Inquiry into the role of the home environment on young childrens language and learning
can be classified under two broad questions: (1) Which aspects of parenting matter for
childrens early language and learning, and why? and (2) What factors enable parents to
provide a supportive environment to their young children?
Recent Research Results
Which aspects of parenting matter, and why? Three aspects of parenting have been
highlighted as central to childrens early language and learning: (1) the frequency of
childrens participation in routine learning activities (e.g., shared bookreading,
storytelling); (2) the quality of caregiver-child engagements (e.g., parents cognitive
stimulation and sensitivity/responsiveness); and (3) the provision of age-appropriate
learning materials (e.g., books and toys).24
Early and consistent participation in routine learning activities, such as shared book
reading, storytelling, and teaching about the letters of the alphabet, provide children with
a critical foundation for early learning, language growth and emergent literacy.25,26,27,28
Routine activities provide young children with a familiar structure for interpreting others
behaviors and language, anticipating the temporal sequencing of events, and drawing
inferences from new experiences.29,30 Moreover, engagement in learning activities
expands childrens vocabularies and conceptual knowledge.31 In particular, shared
bookreading, as well as the sharing of oral stories, facilitate young childrens vocabulary
growth, phonemic skills, print concept knowledge, and positive attitudes toward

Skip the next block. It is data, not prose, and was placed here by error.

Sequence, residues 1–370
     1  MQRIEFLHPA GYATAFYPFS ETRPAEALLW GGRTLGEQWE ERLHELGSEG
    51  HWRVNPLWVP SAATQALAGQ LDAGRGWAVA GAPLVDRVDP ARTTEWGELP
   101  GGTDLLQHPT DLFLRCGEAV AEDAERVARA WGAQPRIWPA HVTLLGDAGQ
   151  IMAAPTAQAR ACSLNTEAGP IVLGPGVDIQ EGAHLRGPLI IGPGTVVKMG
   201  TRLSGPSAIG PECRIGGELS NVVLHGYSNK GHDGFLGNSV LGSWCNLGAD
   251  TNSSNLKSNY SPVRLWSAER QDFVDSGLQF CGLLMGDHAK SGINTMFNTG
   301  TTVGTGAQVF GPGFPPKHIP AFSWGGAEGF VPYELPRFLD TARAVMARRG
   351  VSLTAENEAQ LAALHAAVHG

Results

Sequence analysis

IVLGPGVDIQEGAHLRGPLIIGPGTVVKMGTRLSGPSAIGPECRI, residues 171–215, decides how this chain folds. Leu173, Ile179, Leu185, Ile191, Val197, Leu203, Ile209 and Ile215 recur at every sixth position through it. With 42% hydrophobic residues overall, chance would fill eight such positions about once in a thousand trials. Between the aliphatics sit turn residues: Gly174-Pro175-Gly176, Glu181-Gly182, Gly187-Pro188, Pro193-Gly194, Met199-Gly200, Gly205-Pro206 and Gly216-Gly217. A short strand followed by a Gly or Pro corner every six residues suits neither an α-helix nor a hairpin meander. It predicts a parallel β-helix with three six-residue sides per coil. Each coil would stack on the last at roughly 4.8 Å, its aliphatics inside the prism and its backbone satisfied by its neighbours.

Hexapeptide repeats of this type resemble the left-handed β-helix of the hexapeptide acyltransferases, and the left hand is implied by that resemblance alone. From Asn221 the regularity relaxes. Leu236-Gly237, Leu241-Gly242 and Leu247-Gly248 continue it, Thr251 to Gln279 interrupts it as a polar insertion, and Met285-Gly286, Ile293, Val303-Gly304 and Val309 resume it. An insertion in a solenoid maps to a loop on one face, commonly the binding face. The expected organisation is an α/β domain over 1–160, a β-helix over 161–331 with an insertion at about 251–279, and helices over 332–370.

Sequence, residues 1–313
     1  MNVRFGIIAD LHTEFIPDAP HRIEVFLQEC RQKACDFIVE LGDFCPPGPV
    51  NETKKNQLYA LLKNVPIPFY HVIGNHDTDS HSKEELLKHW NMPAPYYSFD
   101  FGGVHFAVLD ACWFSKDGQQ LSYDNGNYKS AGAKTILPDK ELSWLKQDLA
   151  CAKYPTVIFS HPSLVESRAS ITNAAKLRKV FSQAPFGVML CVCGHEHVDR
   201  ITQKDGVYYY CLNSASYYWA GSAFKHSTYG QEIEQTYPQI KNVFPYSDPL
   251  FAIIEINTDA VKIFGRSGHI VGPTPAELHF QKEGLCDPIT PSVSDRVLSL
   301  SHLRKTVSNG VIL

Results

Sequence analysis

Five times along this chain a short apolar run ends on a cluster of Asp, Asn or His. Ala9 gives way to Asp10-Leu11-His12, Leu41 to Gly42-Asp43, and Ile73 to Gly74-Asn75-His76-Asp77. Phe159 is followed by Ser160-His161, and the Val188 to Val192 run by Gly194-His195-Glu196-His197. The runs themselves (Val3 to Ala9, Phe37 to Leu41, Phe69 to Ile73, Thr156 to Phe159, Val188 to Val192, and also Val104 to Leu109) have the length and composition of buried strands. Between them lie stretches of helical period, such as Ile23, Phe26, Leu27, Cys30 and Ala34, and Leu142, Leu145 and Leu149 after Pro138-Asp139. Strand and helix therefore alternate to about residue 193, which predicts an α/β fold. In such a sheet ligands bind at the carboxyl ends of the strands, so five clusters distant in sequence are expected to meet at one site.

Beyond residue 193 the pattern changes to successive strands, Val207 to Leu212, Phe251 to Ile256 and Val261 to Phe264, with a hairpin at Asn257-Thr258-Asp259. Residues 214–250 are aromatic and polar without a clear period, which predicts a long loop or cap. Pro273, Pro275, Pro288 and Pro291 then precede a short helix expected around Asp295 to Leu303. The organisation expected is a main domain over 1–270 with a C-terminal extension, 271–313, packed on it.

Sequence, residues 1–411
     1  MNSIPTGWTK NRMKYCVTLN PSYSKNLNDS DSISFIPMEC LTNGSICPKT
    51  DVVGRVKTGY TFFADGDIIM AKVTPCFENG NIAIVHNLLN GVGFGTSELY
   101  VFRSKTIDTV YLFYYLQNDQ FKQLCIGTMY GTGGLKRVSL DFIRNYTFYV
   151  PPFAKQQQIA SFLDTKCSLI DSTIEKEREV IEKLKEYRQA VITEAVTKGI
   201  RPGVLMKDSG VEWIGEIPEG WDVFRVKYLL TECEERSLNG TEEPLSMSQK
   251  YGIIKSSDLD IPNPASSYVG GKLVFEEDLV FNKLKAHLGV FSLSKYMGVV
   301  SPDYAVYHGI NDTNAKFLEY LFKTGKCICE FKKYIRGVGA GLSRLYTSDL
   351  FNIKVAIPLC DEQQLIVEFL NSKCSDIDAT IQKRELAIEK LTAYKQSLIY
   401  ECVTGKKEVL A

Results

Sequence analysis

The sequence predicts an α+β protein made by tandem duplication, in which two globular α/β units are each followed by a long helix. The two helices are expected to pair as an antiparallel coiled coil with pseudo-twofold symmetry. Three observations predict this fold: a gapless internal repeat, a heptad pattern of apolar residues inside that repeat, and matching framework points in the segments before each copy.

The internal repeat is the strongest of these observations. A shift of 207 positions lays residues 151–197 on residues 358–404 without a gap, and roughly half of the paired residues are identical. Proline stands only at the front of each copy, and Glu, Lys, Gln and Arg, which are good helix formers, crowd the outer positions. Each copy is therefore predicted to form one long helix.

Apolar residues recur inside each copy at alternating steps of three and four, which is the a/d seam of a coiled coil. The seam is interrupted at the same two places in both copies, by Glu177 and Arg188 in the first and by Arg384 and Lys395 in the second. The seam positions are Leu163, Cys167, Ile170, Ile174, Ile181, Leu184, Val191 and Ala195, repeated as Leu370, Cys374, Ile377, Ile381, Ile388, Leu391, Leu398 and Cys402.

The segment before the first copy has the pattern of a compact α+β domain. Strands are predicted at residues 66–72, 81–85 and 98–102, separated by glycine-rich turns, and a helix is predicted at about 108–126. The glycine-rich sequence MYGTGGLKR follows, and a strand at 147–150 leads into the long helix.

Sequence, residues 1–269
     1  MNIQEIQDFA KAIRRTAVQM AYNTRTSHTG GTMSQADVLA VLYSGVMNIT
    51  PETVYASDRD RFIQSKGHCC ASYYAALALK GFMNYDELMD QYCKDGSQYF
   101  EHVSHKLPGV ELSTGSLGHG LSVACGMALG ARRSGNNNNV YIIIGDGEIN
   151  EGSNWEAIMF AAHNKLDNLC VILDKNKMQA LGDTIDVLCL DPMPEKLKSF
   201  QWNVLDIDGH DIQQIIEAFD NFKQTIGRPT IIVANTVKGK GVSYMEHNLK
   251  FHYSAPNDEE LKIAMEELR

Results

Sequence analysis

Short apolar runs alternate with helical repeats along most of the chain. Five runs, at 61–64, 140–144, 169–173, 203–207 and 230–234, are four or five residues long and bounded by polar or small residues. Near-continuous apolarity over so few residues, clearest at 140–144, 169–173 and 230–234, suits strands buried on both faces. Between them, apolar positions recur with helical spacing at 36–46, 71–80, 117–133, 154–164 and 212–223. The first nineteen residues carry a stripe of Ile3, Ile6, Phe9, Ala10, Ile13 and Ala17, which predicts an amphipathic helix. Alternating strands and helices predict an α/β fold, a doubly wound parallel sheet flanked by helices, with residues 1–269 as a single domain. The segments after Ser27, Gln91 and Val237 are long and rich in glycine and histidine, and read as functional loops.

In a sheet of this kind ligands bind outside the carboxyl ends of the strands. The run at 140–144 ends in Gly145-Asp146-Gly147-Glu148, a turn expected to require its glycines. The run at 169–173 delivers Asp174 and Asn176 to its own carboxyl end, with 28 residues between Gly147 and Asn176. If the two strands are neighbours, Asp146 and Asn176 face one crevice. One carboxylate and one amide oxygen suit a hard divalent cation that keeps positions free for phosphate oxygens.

literacy.25,27,32,33,34,35
A plethora of studies also indicate that the quality of parent-caregiver interactions plays a
formative role in childrens early language and learning. In fact, the amount and style of
language that parents use when conversing with their children is one of the strongest
predictors of childrens early language. Children benefit from exposure to adult speech

Encyclopedia on Early Childhood Development


2008-2009 Centre of Excellence for Early Childhood Development

Tamis-LeMonda CS, Rodriguez ET

LANGUAGE DEVELOPMENT AND LITERACY

that is varied and rich in information about objects and events in the environment.7,36,37
Additionally, parents who contingently respond to their young childrens verbal and
exploratory initiatives (through verbal descriptions and questions) tend to have children
with more advanced receptive and productive language, phonological awareness, and
story comprehension skills.38,39,40,41
Finally, the provision of learning materials (e.g., books, toys that facilitate learning) has
been shown to support young childrens language growth and learning.42,43,44 Learning
materials provide opportunities for caregiver-child exchanges about specific objects and
actions, such as when a parent and child pretend to cook a meal. In such instances,
materials serve as a vehicle for communicative exchanges around a shared topic of
conversation. Specifically, exposure to toys that enable symbolic play and support the
development of fine motor skills has been shown to relate to childrens early receptive
language skills, intrinsic motivation and positive approaches to learning. 45,46 In addition,
childrens familiarity with storybooks has been linked to their receptive and expressive
vocabularies and early reading abilities.26,27
What factors predict positive parenting? Researchers agree that parenting is multiply